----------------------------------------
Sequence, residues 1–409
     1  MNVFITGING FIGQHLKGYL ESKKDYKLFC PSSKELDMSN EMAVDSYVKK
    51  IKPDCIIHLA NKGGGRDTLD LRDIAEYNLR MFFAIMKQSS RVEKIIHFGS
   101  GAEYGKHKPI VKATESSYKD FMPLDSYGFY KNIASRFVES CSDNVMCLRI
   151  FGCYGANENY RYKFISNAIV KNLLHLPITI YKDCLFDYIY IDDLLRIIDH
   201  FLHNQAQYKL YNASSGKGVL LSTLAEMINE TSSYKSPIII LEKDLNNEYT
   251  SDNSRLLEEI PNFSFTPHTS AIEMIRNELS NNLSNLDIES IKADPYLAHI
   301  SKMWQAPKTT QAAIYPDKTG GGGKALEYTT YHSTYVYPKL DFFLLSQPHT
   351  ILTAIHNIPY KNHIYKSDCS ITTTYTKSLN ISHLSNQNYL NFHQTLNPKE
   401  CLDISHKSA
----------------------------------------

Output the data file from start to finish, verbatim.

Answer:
Sequence, residues 1–409
     1  MNVFITGING FIGQHLKGYL ESKKDYKLFC PSSKELDMSN EMAVDSYVKK
    51  IKPDCIIHLA NKGGGRDTLD LRDIAEYNLR MFFAIMKQSS RVEKIIHFGS
   101  GAEYGKHKPI VKATESSYKD FMPLDSYGFY KNIASRFVES CSDNVMCLRI
   151  FGCYGANENY RYKFISNAIV KNLLHLPITI YKDCLFDYIY IDDLLRIIDH
   201  FLHNQAQYKL YNASSGKGVL LSTLAEMINE TSSYKSPIII LEKDLNNEYT
   251  SDNSRLLEEI PNFSFTPHTS AIEMIRNELS NNLSNLDIES IKADPYLAHI
   301  SKMWQAPKTT QAAIYPDKTG GGGKALEYTT YHSTYVYPKL DFFLLSQPHT
   351  ILTAIHNIPY KNHIYKSDCS ITTTYTKSLN ISHLSNQNYL NFHQTLNPKE
   401  CLDISHKSA